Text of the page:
There was a firmer tone to markets to start the week, although how long it lasts of course…
One help was a slight easing in the dollar, making dollar-denominated exports such as many ags that much less affordable.
Some gains in Brent crude – as Iraqi-Kurdish conflict raised Middle East tensions – helped the rouble, for instance, gain a touch against the dollar.
In ag markets, the rouble is particularly closely watched by wheat traders, given Russia’s record harvest of the grain, and huge supplies for export.
Thinking of wheat and the Middle East-North Africa, dryness is a worry for crops in the region, a major importer of the grain, despite some rains over the weekend, Commodity Weather Group said.
It was somewhat helpful too for prices that there were rains in parts of the US Midwest too over the weekend, with up to 3 inches in parts of the western Corn Belt, slowing corn and soybean harvesting, and winter wheat sowing.
The rains are expected to shift to the eastern Midwest, and the Delta, where they will remain a bit of an issue, CWG said.
For corn and soybeans, a slower harvest means less pressure on prices from growing supplies, at a time anyway when values are seen as likely to see some seasonal improvement.
For wheat, meanwhile, slow sowings matter increasingly as deadlines for crop insurance are passing.
In Kansas, for instance, the top winter wheat growing state, deadlines have passed for the north-west one-third or so. (The latest date for Kansas farms, for the south east corner, is November 15.)
‘A little bit supportive’
As an extra support for wheat, data late on Friday on investor positioning, for the week to last Tuesday, showed “showed managed money adding nearly 10,000 to their net short in Chicago,” Benson Quinn Commodities noted.
The net short in Chicago soft red winter wheat futures and options in fact rose by 9,963 lots to 77,692 contracts.
This “could be a little bit supportive” to prices, the broker said, in meaning that extra selling pressure from speculators has already been absorbed.
Certainly, Chicago wheat for December stood up 0.3% at $4.27 ¼ a bushel as of 09:30 UK time (03:30 Chicago time), bouncing a touch from a contract closing low.
‘Corn sales into Europe could increase’
Another factor for wheat investors worth keeping an eye on is unrest in Ukraine, a sizeable exporter of the grain, with Agritel noting demonstrations by protestors demanding “the cancellation of parliamentary immunity, amendments to the electoral law and on the creation of anti-bribery court. “A gathering occurred again this Sunday in front of the Rada.
“These events have made a limited number of casualties so far, but the previous revolution a few years ago costed the lives of dozens of people,” Agritel noted.
This could prove a factor ultimately for corn investors to deal with too, with Ukraine a major exporter of this grain as well, including to the EU.
In fact, Terry Reilly at Futures international added that “we are hearing corn yields across Eastern Europe are not living up to expectations.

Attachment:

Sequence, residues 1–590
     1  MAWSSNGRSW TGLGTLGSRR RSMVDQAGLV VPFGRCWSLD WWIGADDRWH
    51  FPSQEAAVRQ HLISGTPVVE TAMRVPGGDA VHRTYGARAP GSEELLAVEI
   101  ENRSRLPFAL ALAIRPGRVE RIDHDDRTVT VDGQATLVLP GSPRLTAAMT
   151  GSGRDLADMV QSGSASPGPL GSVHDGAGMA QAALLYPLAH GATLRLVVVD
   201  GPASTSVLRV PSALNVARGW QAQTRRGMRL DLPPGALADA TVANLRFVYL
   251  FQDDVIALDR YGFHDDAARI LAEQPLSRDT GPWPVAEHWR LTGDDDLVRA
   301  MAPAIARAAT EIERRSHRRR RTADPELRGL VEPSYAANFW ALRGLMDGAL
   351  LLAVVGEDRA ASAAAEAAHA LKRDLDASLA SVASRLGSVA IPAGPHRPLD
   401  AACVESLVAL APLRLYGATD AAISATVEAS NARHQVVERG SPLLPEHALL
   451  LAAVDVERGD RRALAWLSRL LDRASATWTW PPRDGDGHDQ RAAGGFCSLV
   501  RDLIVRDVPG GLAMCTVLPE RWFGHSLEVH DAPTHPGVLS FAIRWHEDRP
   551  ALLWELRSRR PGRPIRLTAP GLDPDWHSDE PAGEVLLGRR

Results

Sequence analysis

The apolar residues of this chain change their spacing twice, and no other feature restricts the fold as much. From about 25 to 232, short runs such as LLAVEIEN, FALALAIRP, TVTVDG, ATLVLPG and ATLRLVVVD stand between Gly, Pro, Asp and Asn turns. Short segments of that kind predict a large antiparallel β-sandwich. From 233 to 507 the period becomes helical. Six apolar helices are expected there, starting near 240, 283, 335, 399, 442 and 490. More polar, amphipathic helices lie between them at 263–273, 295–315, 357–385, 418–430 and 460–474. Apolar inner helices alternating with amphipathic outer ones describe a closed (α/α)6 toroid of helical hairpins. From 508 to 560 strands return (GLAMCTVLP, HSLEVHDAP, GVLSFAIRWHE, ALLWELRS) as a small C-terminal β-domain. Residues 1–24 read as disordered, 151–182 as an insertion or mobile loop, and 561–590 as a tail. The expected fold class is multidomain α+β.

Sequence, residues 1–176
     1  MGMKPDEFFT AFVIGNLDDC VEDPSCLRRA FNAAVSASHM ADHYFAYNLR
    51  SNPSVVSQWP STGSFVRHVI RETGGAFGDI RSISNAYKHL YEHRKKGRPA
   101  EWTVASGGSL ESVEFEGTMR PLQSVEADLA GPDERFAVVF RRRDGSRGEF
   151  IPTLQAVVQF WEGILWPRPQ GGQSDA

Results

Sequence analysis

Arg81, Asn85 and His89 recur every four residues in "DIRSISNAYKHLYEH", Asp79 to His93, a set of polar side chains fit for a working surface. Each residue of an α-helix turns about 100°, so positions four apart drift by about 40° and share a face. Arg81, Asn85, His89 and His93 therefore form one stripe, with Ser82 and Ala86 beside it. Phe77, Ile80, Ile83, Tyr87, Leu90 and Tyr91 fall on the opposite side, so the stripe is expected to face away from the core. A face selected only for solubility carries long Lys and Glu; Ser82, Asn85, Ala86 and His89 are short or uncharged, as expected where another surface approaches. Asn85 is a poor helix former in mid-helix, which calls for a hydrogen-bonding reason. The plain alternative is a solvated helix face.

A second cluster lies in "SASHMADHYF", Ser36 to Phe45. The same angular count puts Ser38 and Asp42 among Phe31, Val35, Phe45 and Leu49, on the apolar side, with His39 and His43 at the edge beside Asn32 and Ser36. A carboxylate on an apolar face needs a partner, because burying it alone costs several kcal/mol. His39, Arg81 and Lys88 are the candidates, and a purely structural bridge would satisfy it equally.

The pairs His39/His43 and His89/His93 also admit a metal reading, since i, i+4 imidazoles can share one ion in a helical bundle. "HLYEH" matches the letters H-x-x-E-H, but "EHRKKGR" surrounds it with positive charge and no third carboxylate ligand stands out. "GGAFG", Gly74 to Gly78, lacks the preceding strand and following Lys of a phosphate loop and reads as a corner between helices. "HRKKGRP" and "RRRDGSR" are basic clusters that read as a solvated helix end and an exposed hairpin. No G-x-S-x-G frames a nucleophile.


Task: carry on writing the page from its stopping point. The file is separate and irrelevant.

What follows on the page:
“If this is the case US corn sales into Europe could increase over the next few months.”
‘Might be seen as supportive’
There were other reasons too for Chicago futures to rise above their own contract closing low to the last session.
“Wet weather in the US slowing corn harvesting might be seen as supportive,” said Terry Reilly at Futures international.
He also noted that in China, “corn harvest progress slowed across north western Heilongjiang, north eastern Inner Mongolia and central parts in the northeast after snow falls through Saturday”.
Meanwhile, sticking with China, data on the country’s commodity imports for last month showed corn buy-ins up 13-fold last month at 250,000 tonnes, albeit below the 377,518 tonnes the month before.
Chinese corn imports for the first nine months of 2017 as a whole, at 2.28m tonnes, are up 24% year on year.
Chicago corn futures for December added 0.2% to $3.45 a bushel.
‘Aggressive anti-dumping duties’
Soybean futures for November made a similar rise, adding 0.2% to $9.80 ½ a bushel, despite a China downdraft, in the form of January futures on the Dalian exchange dropped 0.95 to 3.690 yuan a tonne, a contract closing low.
China is the biggest soybean importer.
Still, the vegetable oils complex remains supportive, after the US late last week ditched ideas of weakening the US biofuels mandate. (Biodiesel is a big source of demand for vegetable oils.)
Furthermore, Mr Reilly flagged talk that “the US Commerce Department may disclose aggressive anti-dumping duties on Argentina biodiesel imports soon. Indonesia maybe included.
“Traders were looking for direction on this on Friday but we have not heard anything as of Sunday.”
As an extra support, Richard Feltes at RJ O’Brien noted Oil World analysis that “higher-than-expected exports and consumption of palm oil so far this year contributed to a weaker-than-assumed recovery of stocks in Indonesia and Malaysia” of the oilseed.
In fact, palm oil added 1.0% to 2,768 ringgit a tonne in Kuala Lumpur, while Chicago soyoil for December gained 0.3% to 34.27 cents a pound.
‘Not many bullish to stay long’
In New York, cotton bounced 1.1% from a two-month closing low to hit 67.63 cents a pound for December delivery.
Not that all commentators are upbeat on values.
“There aren’t many bullish reasons to stay long this market as the cotton pipeline starts to fill up,” said traders at Ecom.
But one reason for bears to tread cautiously is that demand has tended to emerge at levels below 67 cents a pound.
(Source – http://www.agrimoney.com/marketreport/am-markets-grains-start-brightly-as-rains-slow-us-harvest–4322.html)